911 & Cellular Phones
- Generally, cellular phones are not as reliable as landline phones. The cellular signal may become distorted or the signal may be dropped resulting in a disconnection with the 911 Telecommunicator before you have given all your emergency information.
- During long-term electrical power outages, the tower you relied on to receive your cell phone signal may lose power.
- Cellular phone calls are subject to “signal bounce.” Signal bounce occurs when a local cellular tower's equipment becomes busy due to a large call volume, resulting in the overflow call being sent to the next available tower. The receiving tower may not be in your area of the state. Clinton County routinely receives cellular calls from Detroit and other locations around the state.
- When traveling, be aware of your physical location when calling 9-1-1 on your cellular phone. Most cellular phones used today do not provide your location to the dispatch center. In many areas of the country, your cellular call-back number is not automatically given to the dispatch center. The Telecommunicator will need you to give the accurate location of the incident you are reporting, your name, and your call-back number. If you can do so safely, it helps if you can stop and ascertain if there are any injuries and if there are injuries, their severity.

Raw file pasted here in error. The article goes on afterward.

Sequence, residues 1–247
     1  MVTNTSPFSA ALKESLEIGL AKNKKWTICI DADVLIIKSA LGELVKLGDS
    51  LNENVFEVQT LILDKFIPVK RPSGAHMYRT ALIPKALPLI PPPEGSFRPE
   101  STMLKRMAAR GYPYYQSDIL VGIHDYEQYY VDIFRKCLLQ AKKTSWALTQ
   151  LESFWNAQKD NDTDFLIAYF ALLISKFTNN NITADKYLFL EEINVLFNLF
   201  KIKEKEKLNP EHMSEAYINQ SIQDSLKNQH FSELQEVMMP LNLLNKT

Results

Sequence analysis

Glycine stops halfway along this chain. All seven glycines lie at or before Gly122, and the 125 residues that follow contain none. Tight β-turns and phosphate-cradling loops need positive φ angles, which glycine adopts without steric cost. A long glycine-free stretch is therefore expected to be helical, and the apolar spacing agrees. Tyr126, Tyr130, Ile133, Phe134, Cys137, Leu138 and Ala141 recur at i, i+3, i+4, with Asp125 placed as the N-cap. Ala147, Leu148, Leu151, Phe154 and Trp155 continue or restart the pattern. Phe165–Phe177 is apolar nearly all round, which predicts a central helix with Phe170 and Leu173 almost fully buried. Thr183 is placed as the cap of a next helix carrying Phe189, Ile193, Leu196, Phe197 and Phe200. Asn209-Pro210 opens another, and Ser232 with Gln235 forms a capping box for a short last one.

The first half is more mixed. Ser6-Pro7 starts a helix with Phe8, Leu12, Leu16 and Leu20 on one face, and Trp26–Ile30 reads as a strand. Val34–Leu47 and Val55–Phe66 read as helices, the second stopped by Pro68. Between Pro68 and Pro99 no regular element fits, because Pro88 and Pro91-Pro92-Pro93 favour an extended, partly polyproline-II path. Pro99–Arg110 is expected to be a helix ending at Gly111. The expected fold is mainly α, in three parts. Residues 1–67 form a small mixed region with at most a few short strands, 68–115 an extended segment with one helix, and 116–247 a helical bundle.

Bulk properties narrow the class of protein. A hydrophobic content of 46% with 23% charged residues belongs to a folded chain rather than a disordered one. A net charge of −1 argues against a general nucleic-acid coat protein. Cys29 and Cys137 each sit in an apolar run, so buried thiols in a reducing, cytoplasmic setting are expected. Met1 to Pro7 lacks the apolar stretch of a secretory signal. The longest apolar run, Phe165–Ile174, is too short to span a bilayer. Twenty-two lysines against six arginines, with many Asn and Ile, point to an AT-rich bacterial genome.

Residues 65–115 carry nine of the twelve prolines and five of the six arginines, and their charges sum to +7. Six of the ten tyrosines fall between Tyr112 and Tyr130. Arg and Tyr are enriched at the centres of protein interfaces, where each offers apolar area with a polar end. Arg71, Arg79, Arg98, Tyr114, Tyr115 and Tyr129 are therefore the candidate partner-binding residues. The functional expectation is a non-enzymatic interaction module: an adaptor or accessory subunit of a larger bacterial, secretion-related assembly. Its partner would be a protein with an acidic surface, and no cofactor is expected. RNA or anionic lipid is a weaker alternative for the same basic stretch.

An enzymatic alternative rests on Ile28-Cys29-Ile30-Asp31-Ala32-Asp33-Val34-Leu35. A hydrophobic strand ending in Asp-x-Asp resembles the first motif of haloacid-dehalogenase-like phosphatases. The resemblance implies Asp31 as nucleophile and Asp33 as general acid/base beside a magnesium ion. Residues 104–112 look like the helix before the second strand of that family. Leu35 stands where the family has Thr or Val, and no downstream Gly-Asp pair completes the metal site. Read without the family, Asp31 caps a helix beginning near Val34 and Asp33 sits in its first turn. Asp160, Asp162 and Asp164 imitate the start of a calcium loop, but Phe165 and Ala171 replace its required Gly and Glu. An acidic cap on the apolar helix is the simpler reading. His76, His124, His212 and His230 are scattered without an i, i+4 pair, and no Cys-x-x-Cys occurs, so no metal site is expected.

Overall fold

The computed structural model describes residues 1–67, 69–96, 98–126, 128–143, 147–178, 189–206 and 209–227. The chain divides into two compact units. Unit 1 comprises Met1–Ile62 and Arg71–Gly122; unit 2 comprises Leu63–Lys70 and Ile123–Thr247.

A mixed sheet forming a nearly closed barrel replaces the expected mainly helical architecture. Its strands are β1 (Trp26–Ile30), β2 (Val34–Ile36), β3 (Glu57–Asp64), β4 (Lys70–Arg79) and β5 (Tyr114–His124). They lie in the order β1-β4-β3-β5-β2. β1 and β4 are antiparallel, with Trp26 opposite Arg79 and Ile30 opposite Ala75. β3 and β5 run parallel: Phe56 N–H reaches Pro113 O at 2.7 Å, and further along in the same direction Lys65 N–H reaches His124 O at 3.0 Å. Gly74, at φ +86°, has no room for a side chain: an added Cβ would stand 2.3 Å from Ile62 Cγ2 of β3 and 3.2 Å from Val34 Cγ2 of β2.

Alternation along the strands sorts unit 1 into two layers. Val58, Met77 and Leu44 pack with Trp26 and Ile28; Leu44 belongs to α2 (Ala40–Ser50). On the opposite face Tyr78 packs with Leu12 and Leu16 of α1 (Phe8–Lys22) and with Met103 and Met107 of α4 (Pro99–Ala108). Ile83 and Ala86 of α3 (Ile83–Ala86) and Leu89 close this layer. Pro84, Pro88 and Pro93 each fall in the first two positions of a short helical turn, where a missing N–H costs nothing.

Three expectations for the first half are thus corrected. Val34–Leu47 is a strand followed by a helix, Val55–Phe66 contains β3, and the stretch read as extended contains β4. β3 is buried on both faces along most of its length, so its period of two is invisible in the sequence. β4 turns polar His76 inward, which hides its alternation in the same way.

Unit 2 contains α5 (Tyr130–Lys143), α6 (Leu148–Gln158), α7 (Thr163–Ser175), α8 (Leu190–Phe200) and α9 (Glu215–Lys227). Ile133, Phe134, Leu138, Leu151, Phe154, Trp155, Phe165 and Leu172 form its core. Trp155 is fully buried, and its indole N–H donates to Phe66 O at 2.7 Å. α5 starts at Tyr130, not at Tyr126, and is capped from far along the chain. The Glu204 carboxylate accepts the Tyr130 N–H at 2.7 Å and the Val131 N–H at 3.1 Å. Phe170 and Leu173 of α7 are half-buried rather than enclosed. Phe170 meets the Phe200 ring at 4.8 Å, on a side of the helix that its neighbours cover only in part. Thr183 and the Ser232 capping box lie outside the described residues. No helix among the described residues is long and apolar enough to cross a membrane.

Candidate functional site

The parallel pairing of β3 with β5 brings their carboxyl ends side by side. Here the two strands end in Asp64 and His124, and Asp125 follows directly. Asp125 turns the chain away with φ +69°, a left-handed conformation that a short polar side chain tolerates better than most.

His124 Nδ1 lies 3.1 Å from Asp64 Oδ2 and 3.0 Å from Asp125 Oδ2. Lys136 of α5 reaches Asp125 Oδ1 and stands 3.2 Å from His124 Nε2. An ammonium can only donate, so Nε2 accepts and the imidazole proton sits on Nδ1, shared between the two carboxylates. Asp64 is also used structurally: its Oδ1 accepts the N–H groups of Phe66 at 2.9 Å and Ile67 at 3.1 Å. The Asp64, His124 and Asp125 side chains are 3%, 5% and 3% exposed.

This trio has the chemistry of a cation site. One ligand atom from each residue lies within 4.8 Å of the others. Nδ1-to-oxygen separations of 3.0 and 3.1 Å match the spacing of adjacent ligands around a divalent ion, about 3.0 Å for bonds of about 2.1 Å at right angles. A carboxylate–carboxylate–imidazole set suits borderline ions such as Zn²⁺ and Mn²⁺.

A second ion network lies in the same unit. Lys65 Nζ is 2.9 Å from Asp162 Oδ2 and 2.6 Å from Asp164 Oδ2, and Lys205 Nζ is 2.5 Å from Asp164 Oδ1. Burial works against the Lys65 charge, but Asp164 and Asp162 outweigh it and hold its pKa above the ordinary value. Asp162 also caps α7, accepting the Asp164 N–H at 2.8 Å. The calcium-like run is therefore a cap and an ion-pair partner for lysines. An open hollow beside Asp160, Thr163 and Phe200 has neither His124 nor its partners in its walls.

- Clinton County Central Dispatch is Federal Communications Commission (FCC) Phase II. We have the advanced technology in our dispatch center to receive cellular phones' newest location technology. FCC Phase II equipped cellular phones to transmit the longitude and latitude of a cell phone's location, call-back number, and the name of the owner of the phone to the dispatch center. The location is indicated on a map display for the Telecommunicator.
- Cellular phone coverage and system reliability varies from carrier to carrier. Just like landline calls, our advanced equipment is no guarantee that Central Dispatch will get the cellular caller's location and call-back information.